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Cody Keetch

(he/him/his)

Associate

[email protected]

+1.212.692.6760

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Cody focuses his practice on health care transactions and advises health care organizations on regulatory, compliance, and governance matters. He regularly negotiates and drafts documents for mergers, acquisitions, and reorganizations. Cody assists clients with formation and dissolution, governance disclosures to state regulatory bodies, employment agreements, and licensure and certification applications. His practice involves preparing a wide variety of corporate and commercial agreements, including license and service agreements. In addition, Cody represents clients in the technology and life sciences industries.

Prior to joining Mintz, Cody was an associate at a Long Island, New York–based boutique law firm that serves the health care industry, where he handled transactional, corporate, and compliance matters.

While attending law school, Cody had a number of internships and externships focusing on legal issues affecting the health care sector, including with the Health Care Bureau of the New York State Attorney General’s Office and the Centers for Disease Control and Prevention in Atlanta,  researching and drafting pleadings, motions, and memorandums on health law and other legal issues. Cody also worked as a legal extern at the American Cancer Society in Atlanta and a legal intern at the Children's Cancer & Blood Foundation in New York, where he focused on contracting and corporate governance matters.

Cody participated in the Transactional Law Certificate Program at Emory University School of Law.

Education

  • Emory University (JD)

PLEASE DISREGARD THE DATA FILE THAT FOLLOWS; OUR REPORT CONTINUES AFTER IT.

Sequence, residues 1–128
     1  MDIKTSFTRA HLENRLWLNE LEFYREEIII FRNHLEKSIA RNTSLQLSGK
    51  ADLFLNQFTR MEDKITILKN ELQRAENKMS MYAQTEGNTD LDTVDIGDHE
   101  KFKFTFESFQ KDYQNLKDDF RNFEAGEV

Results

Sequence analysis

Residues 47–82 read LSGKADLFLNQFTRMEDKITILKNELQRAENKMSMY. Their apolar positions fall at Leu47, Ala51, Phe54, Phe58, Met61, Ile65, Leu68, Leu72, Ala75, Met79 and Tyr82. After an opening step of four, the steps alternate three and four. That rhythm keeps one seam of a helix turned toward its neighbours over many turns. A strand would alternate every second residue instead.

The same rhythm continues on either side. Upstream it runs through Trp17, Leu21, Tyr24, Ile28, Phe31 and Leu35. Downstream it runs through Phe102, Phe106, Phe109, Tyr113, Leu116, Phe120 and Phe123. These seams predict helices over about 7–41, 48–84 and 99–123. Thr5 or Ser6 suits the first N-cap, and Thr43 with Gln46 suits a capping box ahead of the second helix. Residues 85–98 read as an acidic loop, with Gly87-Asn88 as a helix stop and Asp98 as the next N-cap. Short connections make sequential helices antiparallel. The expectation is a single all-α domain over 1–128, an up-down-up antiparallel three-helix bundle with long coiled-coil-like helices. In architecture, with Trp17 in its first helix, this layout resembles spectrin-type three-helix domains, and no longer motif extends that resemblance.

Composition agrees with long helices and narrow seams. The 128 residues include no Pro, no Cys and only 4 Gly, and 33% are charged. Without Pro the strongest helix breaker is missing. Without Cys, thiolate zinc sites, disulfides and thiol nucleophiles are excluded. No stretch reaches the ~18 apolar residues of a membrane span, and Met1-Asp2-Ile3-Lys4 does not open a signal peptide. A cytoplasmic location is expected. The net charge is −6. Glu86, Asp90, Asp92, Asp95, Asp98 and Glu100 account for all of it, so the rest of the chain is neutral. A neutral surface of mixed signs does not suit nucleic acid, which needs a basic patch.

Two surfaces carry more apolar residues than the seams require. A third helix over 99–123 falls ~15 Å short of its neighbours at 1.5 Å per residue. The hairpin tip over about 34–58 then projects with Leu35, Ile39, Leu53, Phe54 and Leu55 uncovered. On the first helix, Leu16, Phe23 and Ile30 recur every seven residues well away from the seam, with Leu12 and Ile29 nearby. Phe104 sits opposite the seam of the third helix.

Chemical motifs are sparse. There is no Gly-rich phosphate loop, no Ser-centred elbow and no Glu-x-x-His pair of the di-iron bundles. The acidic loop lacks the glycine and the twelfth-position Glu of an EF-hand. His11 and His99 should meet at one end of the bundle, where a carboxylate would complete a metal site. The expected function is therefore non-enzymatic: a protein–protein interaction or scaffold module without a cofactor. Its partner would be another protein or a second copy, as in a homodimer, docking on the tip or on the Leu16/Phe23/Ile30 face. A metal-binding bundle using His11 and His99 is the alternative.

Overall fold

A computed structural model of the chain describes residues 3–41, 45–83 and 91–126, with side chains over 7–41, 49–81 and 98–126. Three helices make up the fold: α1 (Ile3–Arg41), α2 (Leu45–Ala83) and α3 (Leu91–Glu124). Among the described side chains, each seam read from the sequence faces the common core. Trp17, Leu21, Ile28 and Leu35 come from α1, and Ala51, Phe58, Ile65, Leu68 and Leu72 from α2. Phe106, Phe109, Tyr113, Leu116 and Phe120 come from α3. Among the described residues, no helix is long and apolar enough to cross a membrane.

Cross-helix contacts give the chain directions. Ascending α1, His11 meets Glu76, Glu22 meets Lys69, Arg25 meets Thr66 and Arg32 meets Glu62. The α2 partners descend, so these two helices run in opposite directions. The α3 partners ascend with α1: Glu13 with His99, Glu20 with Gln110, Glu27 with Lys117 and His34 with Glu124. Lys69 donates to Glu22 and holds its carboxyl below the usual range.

• University of Michigan (BA)

Languages

- Spanish

Viewpoints

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On Friday, August 6, 2021, Pharmaceutical Research and Manufacturers of America (PhRMA), the preeminent trade association representing pharmacies companies, announced revisions to its Code on Interactions with Health Care Professionals (PhRMA Code) that will become effective January 1, 2022. The PhRMA Code is a voluntary code for pharmaceutical companies, but its standards are considered to be best practices and are commonly adhered to by pharmaceutical and medical device companies. Moreover, some states (e.g. California, Massachusetts, Nevada, and the District of Columbia) require pharmaceutical companies to adopt a code consistent with the PhRMA Code.

The changes to the PhRMA Code are undoubtedly in response to a November 16, 2020, Special Fraud Alert from the Department of Health and Human Services’ Office of the Inspector General (OIG), on “fraud and abuse risks associated … speaker programs.” (For additional information on the OIG’s Special Fraud Alert, please see our November 25, 2020 blog post.) Speaker programs are a common practice in the industry and generally entail pharmaceutical and medical device companies retaining health care professionals (HCPs) to speak or present to educate their peers on the companies’ drugs or devices.
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On June 24, 2021, the Food and Drug Administration (FDA) issued the long-awaited Remanufacturing of Medical Devices Draft Guidance, which describes the agency’s current thinking on activities that meet the definition of remanufacturing and a process for determining whether an act done to an original equipment manufacturer’s (OEM’s) legally marketed finished device is considered remanufacturing (the “Draft Remanufacturing Guidance”).
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The American Families Plan & A Call for Drug Pricing Legislation

May 10, 2021 | Blog | By Theresa Carnegie, Cody Keetch

On April 28, 2021, President Biden gave his first address to Congress and announced the American Families Plan (AFP). The AFP follows the 1.9 trillion-dollar stimulus, the American Rescue Plan Act, signed into law on March 11, 2021. Notably, in his speech, President Biden called upon Congress to pass drug pricing legislation; however, the current White House Fact Sheet on the AFP does not include specific drug pricing provisions. This blog post discusses the health-related portions of the AFP and provides an overview of the Lower Drug Costs Now Act which seeks to lower prescription drug prices.
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